The World Gold Council today launched a report titled ‘Jewellery market structure’, as part of a series of in-depth analysis on the Indian gold market.
The report highlights a notable shift in India’s gold jewellery market over the past few years, catalysed by changes in consumer behaviour and government regulations. While small independent retailers still dominate the landscape, the market share of chain stores (national and regional) has increased steadily over the last decade.
In contrast to the retail jewellery trade, changes at the manufacturing level have been relatively slower but as the market continues to develop, organised retail and manufacturing operations are well-poised to see their market share grow.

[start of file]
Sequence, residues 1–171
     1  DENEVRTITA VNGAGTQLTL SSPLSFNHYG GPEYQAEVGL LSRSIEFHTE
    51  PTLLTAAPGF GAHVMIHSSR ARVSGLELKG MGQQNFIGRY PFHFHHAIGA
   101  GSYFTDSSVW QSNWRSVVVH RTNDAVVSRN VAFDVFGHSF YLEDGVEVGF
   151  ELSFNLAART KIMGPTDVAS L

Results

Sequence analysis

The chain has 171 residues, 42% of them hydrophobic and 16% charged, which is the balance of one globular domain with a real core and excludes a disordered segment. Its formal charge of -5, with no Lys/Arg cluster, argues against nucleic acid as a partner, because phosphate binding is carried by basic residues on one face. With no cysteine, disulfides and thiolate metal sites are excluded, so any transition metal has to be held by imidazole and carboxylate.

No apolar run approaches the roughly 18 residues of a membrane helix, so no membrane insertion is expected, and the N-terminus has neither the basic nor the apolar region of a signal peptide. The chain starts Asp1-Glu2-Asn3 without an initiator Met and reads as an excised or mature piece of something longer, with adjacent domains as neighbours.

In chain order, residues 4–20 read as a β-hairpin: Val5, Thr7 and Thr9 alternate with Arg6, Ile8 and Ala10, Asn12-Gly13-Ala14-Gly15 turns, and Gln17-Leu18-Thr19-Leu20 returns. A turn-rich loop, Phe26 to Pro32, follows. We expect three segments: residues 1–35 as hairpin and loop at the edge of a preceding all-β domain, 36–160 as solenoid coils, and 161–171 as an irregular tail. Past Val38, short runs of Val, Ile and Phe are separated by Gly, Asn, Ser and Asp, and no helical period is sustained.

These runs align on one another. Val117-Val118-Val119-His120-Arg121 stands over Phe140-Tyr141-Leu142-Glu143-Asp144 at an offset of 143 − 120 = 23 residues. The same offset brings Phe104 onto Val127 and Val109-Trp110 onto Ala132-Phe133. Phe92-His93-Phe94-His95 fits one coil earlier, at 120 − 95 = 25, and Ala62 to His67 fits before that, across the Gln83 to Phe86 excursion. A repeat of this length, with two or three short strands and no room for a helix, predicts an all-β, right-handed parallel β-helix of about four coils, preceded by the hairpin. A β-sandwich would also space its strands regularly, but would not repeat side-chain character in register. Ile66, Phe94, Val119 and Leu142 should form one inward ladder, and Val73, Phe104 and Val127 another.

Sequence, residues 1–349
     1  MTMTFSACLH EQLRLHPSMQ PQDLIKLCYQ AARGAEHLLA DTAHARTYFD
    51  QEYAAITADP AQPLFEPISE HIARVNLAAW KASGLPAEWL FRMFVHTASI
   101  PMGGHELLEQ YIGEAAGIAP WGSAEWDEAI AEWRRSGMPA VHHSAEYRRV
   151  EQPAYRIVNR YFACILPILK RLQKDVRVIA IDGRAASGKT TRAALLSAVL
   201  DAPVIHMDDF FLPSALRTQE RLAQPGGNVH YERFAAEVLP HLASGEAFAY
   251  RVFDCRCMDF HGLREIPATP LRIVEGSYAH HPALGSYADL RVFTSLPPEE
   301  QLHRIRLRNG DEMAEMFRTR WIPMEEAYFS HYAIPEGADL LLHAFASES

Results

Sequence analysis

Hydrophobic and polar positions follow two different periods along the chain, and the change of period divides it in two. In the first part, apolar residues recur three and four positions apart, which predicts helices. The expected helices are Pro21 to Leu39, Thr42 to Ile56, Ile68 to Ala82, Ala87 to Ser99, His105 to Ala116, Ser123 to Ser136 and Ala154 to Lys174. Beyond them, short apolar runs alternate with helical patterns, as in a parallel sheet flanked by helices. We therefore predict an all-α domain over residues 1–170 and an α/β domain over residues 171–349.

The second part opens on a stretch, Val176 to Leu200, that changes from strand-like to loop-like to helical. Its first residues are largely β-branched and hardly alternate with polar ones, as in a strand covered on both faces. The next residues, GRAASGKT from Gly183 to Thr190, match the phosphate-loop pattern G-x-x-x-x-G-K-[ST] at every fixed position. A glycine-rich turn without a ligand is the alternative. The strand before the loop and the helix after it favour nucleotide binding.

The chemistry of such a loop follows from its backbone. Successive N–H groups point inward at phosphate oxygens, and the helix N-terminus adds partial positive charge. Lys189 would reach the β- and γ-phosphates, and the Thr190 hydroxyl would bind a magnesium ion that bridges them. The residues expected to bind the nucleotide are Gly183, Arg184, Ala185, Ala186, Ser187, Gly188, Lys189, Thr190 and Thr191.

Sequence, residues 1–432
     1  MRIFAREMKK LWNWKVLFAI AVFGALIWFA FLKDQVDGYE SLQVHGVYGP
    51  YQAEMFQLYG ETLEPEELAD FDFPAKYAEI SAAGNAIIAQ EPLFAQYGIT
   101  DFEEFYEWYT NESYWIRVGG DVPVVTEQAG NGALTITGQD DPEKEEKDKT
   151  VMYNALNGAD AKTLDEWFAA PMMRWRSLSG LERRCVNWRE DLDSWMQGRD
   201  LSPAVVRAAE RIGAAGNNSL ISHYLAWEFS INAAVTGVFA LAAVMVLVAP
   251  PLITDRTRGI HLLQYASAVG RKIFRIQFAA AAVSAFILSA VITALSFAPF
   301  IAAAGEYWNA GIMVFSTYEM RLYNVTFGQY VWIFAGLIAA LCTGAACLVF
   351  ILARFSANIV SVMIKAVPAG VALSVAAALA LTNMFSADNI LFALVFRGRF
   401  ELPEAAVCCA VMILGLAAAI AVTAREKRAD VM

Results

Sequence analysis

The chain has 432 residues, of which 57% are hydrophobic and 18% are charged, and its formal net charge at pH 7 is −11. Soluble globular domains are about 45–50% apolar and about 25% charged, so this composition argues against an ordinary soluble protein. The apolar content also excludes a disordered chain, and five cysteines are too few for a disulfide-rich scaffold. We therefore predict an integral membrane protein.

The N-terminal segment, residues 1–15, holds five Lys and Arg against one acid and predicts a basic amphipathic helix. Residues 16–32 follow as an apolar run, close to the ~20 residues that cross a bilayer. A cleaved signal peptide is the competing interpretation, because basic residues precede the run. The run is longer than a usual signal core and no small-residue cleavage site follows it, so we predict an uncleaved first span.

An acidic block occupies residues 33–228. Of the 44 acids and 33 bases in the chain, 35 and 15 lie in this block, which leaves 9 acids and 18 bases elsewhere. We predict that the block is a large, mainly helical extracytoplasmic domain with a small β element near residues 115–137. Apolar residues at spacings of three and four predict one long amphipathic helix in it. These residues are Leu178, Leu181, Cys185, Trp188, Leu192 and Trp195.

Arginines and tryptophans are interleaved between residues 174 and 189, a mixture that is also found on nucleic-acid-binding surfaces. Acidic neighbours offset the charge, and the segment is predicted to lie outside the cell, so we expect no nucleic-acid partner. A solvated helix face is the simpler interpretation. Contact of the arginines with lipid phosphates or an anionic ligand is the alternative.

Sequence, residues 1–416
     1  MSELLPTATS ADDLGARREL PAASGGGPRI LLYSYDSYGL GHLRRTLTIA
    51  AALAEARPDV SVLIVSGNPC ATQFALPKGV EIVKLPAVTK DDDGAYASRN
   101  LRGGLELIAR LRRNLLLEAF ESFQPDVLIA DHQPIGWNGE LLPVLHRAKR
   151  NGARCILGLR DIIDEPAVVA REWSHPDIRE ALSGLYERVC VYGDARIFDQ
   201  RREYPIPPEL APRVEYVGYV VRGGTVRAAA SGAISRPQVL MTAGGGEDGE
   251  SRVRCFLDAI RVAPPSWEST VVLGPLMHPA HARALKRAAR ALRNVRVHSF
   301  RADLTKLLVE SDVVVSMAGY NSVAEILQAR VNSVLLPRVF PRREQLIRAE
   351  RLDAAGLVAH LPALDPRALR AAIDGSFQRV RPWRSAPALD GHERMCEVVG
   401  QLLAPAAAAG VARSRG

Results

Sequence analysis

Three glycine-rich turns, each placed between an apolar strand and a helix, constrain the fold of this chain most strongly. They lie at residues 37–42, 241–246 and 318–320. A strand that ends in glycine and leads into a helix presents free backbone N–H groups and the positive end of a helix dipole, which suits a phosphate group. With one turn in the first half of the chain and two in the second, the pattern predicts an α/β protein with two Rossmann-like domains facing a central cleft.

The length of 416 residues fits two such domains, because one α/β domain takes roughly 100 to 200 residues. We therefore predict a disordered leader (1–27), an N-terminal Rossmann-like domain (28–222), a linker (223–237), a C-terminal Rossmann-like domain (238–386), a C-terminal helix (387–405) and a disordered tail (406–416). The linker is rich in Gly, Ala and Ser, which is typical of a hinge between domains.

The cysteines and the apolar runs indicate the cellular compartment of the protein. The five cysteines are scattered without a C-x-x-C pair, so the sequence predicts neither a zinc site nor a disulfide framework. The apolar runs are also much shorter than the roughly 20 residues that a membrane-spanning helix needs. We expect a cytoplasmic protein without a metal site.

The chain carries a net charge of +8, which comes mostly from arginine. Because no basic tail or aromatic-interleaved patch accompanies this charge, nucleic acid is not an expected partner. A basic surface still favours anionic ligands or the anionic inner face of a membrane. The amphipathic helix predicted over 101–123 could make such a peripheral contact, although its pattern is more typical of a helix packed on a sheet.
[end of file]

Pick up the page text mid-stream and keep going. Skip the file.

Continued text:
Somasundaram PR, Regional CEO, India, World Gold Council, commented, “The Indian retail jewellery market has seen several structural changes over the last decade, some driven by regulations and some by shift in consumer behaviour.
While mandatory hallmarking, implemented in its final shape as defined, should provide a level playing field, national and regional chain stores are nevertheless set to gain market share in the current trend because of their access to credit and the large inventory they carry.
Small players need to become more transparent and adapt technology faster if they have to gain similar access to credit and protect market share.
On the other hand, manufacturing sector is only at the beginning of its much- needed transformational journey. Jewellery parks, some of which have already been established, will help address concerns about ethical standards and working conditions.